Several factors have shaped stark differences in pay & benefits based on employee’s nationality. These include supply and demand of workers from a particular region, the quality and quantity of supply, gaps in existing legislations to promote equality etc. It is a widespread reality which HR must address through good practice.

Performance appraisals with a dead-end


Performance management aims to reward good performance and improve poor performance. Many organizations do not have a link between performance and rewards. Paying fat bonuses and increments may not be viable under difficult market conditions, but some form of reward and recognition is required to motivate employees to go the extra mile. Rewards do not necessarily have to be monetary even non-monetary rewards like recognition and spot awards have proved to increase employee motivation. A clearly defined reward policy is needed at the end of every performance cycle.

Performance evaluation without objectives


A lot of organizations turn the appraisal process into a mere paper filling exercise. For a performance management system to be successful, the manager and employee must sit and agree relevant objectives for the employee at the beginning of the year and the employee should be appraised on the agreed objectives. Without clearly written objectives, employees shoot in the dark and waste energy on unproductive goals and the appraisal process becomes meaningless.

Employee dilemma


Will I be fired this month or the next? Markets may be difficult globally and organizations need to restructure at times. HR and managers must collaborate and build effective communication to ensure there is no unnecessary attrition of vital talent. Especially the high-potential talent an organization wishes to retain. A lack of proper communication leads to high-potential employees diverting their energy to look outside for stability.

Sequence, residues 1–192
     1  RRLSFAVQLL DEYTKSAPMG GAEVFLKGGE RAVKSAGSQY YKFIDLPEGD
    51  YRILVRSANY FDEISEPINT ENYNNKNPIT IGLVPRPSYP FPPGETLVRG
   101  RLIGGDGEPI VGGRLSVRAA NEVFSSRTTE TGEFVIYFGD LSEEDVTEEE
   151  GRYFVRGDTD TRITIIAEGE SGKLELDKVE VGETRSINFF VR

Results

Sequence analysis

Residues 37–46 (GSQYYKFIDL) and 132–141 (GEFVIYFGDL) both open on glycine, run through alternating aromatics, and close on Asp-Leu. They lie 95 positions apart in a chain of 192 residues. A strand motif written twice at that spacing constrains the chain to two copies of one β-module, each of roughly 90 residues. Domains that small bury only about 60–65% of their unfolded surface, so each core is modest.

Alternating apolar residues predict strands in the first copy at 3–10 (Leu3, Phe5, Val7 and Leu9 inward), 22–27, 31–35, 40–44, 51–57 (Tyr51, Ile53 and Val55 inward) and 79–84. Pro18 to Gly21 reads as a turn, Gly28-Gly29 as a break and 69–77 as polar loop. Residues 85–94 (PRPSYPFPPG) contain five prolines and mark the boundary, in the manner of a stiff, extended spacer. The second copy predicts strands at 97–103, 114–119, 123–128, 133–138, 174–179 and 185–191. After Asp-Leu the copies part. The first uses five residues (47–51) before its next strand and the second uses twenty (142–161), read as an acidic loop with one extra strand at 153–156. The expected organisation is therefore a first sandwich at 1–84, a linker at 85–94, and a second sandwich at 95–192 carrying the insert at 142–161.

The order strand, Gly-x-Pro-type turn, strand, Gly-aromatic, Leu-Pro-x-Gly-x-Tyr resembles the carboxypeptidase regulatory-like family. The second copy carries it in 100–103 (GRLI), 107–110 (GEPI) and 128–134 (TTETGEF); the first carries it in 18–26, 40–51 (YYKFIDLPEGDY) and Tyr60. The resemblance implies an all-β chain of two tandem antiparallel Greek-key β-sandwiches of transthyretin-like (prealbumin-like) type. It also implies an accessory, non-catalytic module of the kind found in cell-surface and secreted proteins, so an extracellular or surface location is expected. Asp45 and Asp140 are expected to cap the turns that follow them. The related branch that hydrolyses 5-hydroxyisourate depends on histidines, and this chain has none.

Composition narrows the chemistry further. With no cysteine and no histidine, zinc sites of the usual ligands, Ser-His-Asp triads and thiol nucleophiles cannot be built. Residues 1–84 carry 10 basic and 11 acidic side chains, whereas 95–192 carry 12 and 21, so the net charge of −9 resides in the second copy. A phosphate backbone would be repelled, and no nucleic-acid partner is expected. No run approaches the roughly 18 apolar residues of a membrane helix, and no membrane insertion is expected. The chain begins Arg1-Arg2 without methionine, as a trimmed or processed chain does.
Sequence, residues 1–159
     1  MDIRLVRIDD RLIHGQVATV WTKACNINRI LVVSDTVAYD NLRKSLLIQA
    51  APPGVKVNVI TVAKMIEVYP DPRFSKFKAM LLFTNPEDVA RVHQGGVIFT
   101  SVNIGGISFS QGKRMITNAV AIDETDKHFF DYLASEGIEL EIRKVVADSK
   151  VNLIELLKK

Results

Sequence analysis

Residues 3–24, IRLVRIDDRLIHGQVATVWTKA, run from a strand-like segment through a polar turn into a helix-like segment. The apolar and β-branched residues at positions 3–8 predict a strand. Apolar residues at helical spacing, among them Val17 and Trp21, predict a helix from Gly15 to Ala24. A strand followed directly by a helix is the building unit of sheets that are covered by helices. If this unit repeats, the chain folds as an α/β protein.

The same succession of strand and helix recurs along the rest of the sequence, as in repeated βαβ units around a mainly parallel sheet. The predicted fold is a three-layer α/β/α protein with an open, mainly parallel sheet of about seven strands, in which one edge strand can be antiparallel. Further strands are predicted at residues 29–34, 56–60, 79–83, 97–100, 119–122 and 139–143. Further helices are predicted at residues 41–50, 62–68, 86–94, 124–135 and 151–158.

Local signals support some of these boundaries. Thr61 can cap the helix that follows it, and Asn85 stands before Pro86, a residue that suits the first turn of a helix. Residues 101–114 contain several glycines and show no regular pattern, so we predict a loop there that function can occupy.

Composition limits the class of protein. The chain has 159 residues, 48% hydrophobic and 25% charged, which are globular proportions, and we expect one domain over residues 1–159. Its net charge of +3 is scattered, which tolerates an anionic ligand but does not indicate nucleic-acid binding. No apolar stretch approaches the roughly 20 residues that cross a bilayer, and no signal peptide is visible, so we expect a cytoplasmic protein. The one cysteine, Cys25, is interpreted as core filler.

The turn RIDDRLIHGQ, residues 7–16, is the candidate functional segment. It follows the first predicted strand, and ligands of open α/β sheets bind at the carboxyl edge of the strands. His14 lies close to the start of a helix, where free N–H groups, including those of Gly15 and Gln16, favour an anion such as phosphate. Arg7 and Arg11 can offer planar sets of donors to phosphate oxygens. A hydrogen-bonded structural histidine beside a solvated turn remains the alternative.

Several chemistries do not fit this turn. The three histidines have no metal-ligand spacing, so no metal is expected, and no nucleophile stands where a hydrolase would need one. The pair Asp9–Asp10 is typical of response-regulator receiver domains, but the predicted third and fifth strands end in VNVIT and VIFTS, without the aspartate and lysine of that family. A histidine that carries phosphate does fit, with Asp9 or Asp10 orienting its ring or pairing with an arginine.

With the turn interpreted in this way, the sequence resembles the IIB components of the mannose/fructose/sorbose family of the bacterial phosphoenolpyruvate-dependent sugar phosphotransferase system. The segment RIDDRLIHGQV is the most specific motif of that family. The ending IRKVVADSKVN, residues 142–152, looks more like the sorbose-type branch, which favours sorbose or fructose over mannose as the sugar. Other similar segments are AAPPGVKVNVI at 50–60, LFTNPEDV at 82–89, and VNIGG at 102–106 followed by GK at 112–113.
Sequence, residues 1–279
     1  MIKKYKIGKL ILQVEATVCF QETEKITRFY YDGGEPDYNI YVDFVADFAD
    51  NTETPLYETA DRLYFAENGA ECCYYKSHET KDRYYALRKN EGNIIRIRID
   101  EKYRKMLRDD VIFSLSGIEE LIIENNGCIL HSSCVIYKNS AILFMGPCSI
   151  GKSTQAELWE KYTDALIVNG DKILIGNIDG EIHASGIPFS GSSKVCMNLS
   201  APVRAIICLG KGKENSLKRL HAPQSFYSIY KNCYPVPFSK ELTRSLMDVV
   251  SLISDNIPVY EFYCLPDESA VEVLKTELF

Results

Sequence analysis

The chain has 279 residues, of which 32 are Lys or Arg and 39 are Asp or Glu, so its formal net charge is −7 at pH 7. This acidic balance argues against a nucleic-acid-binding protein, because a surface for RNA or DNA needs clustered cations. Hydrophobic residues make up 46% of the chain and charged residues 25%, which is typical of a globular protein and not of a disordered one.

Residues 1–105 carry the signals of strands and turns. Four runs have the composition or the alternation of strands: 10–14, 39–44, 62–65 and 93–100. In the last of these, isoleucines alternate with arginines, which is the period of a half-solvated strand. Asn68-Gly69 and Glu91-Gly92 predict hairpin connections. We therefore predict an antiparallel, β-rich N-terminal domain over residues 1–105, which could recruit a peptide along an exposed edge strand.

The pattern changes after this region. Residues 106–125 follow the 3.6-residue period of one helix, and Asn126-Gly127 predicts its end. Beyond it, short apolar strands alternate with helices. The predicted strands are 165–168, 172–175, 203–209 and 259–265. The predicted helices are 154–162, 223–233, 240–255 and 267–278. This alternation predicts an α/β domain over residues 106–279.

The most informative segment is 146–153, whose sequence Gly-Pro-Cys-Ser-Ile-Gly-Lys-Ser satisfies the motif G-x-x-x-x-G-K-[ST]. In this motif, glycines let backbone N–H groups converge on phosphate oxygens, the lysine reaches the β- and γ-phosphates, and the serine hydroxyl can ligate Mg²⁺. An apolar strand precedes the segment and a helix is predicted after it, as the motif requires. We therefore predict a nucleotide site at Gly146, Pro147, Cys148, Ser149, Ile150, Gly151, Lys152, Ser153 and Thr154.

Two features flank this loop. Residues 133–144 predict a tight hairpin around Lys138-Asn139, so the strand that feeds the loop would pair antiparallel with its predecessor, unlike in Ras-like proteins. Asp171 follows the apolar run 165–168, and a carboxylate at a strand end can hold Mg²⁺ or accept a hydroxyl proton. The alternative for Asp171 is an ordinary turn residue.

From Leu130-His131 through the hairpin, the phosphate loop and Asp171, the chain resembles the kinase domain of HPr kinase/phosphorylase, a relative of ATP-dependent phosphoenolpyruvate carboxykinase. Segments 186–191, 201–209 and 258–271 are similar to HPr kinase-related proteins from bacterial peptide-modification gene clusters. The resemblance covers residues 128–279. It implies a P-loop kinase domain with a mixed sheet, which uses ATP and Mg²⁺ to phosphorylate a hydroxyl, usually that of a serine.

Employees not allowed to fall sick during probation


Should an employee be granted paid sick leave during probation? While the labour laws in the region rightly allow minimum benchmark guidelines for the wider base of employers, they don’t restrict employers from offering better employee entitlements. So if an authorised medical practitioner can certify illness, why not?

Lack of defined HR policies


Many organizations do not have written policies, or in many cases use outdated HR policies. Clearly defined policies not only boost employee morale but save time and effort for HR, which otherwise gets wasted on resolving queries and issues.

Retaining employee passports


This is surely illegal and a reducing practice now, but a clear no-to-do for an HR practitioner.

Job applications going into a black hole


Most candidates in the region normally do not know what happens after they apply for a job or after they attend an interview and helplessly keep following up with HR. An automated acknowledgement to job applicants explaining them the next steps or a generic feedback to unsuccessful candidates helps in building a positive employer reputation besides being naturally expected by someone who needs a job.

This may not be a comprehensive list, but avoiding them will help HR professionals pave the way for good HR practices


Hasan Babat is a leading HR Consultant in UAE View on Gulf News